Local councillors continue to fight to keep Tenby’s North Beach toilets open to the public.

Pleas for eight Pembrokeshire public toilets at risk of potential closure are to be heard by senior councillors next week.

Due to financial constraints, Pembrokeshire County Council has listed 34 toilets at potential risk of closure if community asset transfers to town and community councils or other sources of funding aren’t agreed, with Tenby’s North Beach public conveniences set to close unless alternative funding streams are identified.

Tenby Town Council has agreed to take on operation of the Upper Frog Street public toilets but has requested to the Local Authority that the operation of the North Beach public toilet is continued by PCC as a ‘special case’.

The Town Council, recently indicated to PCC’s Strategic Project Officer Katie Daly, that it will be in a position to take on the financial cost of the Upper Frog Street facility but not be responsible for day-to-day management.

The town clerk agreed that public cleaning firms he has looked at are similar to Danfo and would be unlikely to take on just one toilet under contract from TTC.

He suggested, like other town and community councils in a similar position, the Town Council fund PCC to pay Danfo to carry on, and was happy to set up a meeting to discuss this.

However, town councillors are standing firm that the North Beach toilets should be kept open under the existing arrangements of PCC, and have formally requested that this be considered as a ‘special case’ - stating that it is ‘vital’ that this beach - one of the most popular beaches in Wales and almost certainly, by virtue of the Harbour and its backdrop, the most photographed - has accessible public toilets.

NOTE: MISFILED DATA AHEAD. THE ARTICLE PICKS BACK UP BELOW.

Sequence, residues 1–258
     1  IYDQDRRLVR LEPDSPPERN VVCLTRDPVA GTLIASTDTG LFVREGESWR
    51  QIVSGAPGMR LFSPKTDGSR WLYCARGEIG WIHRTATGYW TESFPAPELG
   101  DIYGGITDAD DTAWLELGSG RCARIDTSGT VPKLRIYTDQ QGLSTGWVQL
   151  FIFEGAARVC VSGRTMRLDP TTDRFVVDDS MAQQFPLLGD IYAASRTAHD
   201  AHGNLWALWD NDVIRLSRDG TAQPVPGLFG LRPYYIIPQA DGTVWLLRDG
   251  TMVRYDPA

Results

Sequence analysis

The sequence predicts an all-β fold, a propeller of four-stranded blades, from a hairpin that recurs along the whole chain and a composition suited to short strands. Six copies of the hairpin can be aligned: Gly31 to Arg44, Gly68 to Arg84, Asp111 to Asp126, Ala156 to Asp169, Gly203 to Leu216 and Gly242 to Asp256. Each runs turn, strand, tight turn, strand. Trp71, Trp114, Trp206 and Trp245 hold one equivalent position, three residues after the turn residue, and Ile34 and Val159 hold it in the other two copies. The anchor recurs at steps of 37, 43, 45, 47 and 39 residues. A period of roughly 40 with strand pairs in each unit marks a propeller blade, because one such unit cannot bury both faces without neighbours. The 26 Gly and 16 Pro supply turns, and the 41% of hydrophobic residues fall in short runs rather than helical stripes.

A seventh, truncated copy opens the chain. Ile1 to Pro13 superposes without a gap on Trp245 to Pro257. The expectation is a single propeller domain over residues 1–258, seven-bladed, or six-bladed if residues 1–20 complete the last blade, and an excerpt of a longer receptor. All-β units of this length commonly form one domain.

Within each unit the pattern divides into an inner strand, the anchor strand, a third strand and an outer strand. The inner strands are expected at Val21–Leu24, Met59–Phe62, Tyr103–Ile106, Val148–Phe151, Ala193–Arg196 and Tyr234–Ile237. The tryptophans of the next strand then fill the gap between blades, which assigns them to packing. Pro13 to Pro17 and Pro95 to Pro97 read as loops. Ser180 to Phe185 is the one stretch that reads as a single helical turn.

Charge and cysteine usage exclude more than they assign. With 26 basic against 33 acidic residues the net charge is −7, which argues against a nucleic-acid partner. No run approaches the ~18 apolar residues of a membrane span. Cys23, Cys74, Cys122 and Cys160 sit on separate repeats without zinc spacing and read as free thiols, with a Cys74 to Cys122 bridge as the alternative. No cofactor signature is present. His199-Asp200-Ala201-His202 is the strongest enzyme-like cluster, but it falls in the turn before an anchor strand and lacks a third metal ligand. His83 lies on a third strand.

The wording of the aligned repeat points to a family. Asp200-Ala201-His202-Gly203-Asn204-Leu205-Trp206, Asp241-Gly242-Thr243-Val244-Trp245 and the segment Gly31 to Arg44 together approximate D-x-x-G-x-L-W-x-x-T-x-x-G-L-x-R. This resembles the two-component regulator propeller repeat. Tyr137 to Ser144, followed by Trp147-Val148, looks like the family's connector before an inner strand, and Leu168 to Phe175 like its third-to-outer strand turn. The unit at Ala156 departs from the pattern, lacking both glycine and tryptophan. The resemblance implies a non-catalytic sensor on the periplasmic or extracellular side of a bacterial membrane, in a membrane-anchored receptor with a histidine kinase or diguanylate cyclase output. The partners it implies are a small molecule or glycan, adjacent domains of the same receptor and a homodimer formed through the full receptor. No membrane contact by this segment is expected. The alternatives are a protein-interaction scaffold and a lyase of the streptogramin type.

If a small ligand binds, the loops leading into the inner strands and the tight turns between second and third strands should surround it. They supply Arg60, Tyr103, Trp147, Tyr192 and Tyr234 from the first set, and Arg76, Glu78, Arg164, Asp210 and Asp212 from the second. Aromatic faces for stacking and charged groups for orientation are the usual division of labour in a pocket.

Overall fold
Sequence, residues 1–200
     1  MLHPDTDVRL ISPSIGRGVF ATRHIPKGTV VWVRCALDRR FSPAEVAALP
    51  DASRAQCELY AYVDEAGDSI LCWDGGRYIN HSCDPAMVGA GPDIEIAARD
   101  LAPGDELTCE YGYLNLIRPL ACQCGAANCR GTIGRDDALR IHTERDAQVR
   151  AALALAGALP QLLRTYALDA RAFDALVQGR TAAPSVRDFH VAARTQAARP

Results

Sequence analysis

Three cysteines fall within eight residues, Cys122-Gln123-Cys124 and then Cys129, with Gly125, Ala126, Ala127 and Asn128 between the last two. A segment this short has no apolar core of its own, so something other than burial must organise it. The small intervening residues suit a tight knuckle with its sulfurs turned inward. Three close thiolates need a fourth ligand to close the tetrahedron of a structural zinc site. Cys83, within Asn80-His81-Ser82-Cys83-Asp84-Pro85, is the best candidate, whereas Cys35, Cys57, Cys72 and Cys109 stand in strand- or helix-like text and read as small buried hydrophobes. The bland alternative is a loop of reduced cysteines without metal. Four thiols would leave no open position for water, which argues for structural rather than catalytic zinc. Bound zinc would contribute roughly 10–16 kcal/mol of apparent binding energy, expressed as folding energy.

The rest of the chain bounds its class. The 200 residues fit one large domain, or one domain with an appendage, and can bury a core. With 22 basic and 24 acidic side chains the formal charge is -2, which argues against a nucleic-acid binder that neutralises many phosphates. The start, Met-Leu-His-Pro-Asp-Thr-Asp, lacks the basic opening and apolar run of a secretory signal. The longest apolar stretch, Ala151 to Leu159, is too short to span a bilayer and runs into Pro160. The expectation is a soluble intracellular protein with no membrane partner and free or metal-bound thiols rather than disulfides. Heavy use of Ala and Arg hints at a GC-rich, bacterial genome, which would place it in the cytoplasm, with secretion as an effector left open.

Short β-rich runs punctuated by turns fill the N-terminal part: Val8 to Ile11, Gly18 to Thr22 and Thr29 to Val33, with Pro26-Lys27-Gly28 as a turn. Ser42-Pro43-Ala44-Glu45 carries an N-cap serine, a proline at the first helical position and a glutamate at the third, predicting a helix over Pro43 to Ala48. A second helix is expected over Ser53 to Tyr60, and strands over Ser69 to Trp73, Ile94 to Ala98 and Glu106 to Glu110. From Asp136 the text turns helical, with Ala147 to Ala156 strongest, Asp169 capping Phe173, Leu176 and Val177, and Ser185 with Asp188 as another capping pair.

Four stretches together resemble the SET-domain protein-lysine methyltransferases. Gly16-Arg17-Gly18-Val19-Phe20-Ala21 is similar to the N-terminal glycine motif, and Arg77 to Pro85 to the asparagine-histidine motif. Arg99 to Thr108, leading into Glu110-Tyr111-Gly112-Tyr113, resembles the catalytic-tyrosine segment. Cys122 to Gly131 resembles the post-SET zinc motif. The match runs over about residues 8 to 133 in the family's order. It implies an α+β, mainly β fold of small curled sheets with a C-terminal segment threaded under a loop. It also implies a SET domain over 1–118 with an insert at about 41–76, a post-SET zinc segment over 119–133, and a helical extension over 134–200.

With the Town Council pointing to the North Beach’s loss of its Blue Flag status, councillors have stated to PCC that it will not be re-established if there are no public toilets.

Other major factors why the Town Council argue that the toilets should remain open, include:

• Accessibility - with support from the Café that operates on North Walk, ‘beach wheelchairs’ for both adults and children are available for members of the public to borrow, which is an incredibly valuable service. However, without a toilet suitable for people with disabilities right next door to where they collect the beach wheelchairs, this service would be rendered pointless. The nearest alternative provision to North Beach Tenby Toilets that can be accessed by anyone with a disability, is on South Beach and is a considerable distance from the North Beach. Butts Field Car Park Toilets are only accessed by a long walk or by scaling very steep steps known locally as ‘heart-attack steps’.

• Major Sporting Events - Both Ironman Wales and the Long Course are launched from the beach right in front of the toilets. The idea that PCC can be major partners in such major events without having public toilets is not credible. North Beach also regularly hosts sailing regattas attracting visitors from all over the country.